Cohomology and homotopy
In higher category theory
A sheaf on (the site of open subsets of) a topological space corresponds to an étalé space . This space has itself a sheaf topos associated to it, and the map induces a geometric morphism of sheaf toposes
Due to the special nature of , the topos on the left is equivalent to the slice topos , and the projection morphism above factors through a canonical standard geometric morphism
And conversely, every local homeomorphism of topological spaces corresponds to a geometric morphism of sheaf toposes of this form.
This motivates calling a geometric morphism
a local homeomorphism of toposes or étale geometric morphism if it factors as an equivalence followed by a projection out of an overcategory topos.
If the topos is a locally ringed topos, or more generally a structured (∞,1)-topos, it makes sense to require additionally that the local homeomorphism is compatible with the extra structure.
For a topos (or (∞,1)-topos, etc.) and for an object, the overcategory is also a topos (-topos, etc), the slice topos (slice (∞,1)-topos, …).
The canonical projection is part of an essential (in fact, locally connected/ locally ∞-connected) geometric morphism:
This is the base change geometric morphism for the terminal morphism .
A geometric morphism is called a local homeomorphism of toposes, or an étale geometric morphism, if it is equivalent to such a projection— in other words, if it factors by geometric morphisms as for some .
For structured toposes
If the (∞,1)-toposes in question are structured (∞,1)-toposes, then this is refined to the following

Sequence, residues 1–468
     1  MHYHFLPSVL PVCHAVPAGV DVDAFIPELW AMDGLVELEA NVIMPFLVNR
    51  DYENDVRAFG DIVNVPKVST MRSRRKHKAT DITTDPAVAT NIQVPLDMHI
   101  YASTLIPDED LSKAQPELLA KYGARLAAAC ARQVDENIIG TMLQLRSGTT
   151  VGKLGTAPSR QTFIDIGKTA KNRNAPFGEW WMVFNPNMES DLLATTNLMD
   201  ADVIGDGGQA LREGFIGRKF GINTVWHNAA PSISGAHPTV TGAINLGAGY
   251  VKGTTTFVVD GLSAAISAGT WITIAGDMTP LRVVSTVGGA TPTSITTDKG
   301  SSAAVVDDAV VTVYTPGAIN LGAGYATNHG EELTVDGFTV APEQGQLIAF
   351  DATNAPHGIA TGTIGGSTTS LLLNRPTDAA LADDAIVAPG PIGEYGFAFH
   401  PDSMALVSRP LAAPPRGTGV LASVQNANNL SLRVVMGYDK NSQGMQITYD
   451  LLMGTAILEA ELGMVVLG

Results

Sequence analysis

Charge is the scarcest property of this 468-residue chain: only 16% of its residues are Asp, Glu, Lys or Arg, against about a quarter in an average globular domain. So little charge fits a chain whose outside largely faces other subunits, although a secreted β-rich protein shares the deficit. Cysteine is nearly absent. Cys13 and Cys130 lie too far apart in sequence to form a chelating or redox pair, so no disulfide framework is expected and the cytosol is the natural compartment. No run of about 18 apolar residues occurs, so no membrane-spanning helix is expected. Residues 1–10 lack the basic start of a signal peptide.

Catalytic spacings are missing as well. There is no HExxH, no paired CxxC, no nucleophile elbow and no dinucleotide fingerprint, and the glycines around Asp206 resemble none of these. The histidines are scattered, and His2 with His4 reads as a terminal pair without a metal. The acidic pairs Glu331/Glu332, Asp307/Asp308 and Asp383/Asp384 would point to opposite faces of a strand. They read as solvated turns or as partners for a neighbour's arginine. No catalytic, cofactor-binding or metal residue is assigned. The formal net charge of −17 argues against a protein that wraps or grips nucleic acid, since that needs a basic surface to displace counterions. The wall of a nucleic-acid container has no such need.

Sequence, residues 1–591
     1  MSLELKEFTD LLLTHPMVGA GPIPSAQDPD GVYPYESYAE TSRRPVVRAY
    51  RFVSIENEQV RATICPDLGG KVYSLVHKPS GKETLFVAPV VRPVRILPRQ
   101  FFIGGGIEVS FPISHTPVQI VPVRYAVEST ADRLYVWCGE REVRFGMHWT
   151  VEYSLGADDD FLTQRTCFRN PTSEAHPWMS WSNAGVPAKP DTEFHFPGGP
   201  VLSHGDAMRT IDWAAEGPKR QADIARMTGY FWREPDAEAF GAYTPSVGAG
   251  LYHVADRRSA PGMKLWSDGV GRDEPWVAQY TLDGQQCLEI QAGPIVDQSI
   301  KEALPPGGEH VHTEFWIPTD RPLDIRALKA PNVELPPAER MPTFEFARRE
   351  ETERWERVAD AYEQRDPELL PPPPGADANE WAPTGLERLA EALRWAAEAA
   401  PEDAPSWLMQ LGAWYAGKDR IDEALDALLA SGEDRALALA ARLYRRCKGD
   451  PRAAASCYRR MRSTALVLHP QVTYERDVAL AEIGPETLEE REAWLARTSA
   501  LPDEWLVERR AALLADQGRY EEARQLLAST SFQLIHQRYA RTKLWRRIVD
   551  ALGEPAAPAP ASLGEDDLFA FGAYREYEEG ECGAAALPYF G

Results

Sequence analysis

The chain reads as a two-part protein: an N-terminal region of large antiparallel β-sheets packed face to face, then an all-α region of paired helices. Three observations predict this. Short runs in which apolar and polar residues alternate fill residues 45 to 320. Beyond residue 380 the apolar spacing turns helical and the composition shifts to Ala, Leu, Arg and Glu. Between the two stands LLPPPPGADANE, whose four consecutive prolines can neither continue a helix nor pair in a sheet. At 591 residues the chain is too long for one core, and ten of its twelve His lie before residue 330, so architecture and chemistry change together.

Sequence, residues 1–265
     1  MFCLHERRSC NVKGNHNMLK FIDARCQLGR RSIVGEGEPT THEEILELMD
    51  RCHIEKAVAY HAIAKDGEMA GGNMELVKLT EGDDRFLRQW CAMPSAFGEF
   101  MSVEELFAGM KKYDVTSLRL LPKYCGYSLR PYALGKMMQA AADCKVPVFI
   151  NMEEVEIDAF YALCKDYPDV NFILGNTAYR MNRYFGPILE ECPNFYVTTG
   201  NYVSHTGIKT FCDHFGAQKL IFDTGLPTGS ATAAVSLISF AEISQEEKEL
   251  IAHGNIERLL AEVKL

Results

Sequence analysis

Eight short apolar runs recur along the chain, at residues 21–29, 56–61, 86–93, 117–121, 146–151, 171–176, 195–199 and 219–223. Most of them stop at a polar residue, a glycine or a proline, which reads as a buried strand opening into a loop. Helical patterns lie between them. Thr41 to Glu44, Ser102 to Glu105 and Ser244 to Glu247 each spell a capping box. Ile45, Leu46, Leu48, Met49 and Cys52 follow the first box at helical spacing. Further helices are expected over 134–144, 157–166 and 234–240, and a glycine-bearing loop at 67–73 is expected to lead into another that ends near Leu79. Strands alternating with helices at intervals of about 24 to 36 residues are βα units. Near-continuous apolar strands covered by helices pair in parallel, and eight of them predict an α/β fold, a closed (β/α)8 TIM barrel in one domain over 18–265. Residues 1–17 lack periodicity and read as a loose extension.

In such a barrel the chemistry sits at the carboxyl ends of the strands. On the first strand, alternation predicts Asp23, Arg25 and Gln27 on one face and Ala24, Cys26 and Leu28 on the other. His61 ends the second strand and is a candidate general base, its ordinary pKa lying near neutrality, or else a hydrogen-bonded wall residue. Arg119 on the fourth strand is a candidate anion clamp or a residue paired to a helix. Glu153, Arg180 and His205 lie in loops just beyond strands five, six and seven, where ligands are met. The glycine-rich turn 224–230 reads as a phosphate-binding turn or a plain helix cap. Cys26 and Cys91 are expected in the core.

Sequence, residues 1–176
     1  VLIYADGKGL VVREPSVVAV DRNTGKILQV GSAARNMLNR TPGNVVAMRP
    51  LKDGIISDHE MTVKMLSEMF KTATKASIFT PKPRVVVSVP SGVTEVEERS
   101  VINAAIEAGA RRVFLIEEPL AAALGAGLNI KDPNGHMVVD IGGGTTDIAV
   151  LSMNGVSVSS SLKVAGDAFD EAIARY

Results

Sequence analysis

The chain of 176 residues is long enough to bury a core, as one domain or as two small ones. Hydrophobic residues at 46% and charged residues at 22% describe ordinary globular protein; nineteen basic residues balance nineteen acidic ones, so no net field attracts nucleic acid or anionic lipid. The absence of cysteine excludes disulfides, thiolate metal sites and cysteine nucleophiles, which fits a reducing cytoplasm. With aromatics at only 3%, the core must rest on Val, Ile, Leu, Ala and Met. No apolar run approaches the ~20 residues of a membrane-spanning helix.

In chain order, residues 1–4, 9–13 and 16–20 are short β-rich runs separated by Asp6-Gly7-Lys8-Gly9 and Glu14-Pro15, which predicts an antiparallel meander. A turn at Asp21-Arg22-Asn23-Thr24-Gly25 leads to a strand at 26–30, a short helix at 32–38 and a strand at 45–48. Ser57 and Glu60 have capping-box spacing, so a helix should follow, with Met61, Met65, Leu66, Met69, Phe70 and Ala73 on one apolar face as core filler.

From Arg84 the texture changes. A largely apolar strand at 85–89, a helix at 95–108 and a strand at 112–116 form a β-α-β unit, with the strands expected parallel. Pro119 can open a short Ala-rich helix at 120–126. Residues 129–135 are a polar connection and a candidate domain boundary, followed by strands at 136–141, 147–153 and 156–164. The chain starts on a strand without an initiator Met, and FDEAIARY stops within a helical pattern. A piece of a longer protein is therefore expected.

A morphism of structured (∞,1)-toposes is an étale morphism if
the underlying morphism of -toposes is an étale geometric morphism;
the induced map is an equivalence.
This is StSp, Def. 2.3.1.
If is a localic topos over a topological space we have that corresponds to an étalé space over and to an étale map.
If is a geometry (for structured (∞,1)-toposes) then for an admissible morphism in , the induced morphism of structured (∞,1)-toposes
is an étale geometric morphism of structured -toposes.
This is StrSp, example 2.3.8.
See at cartesian closed functor for proof.
(recognition of étale geometric morphisms)
A geometric morphism is étale precisely if
it is essential;
is a conservative functor;
For every diagram in the induced diagram
is a pullback diagram.
For (∞,1)-toposes this is HTT, prop. 126.96.36.199.
(Recovering a topos from its etale overcategory)
For an -topos we have
where is the full sub-(∞,1)-category of the over-(∞,1)-category on the etale geometric morphisms .
This is HTT, remark 188.8.131.52.
The notion of local homeomorphisms of toposes is page 651 (chapter C3.3) of
The notion of étale geometric morphisms between (∞,1)-toposes is introduced in section 6.3.5 of
Discussion of the refinement to structured (∞,1)-toposes is in section 2.3 of